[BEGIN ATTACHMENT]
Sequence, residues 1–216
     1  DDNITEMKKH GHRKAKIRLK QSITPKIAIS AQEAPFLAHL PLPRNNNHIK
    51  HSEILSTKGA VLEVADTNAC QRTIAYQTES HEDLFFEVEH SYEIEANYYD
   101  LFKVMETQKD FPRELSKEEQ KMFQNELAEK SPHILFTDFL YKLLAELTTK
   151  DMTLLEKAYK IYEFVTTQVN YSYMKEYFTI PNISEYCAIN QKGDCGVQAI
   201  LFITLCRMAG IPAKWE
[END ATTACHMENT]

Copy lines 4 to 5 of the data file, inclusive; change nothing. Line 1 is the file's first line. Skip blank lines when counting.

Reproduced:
   101  LFKVMETQKD FPRELSKEEQ KMFQNELAEK SPHILFTDFL YKLLAELTTK
   151  DMTLLEKAYK IYEFVTTQVN YSYMKEYFTI PNISEYCAIN QKGDCGVQAI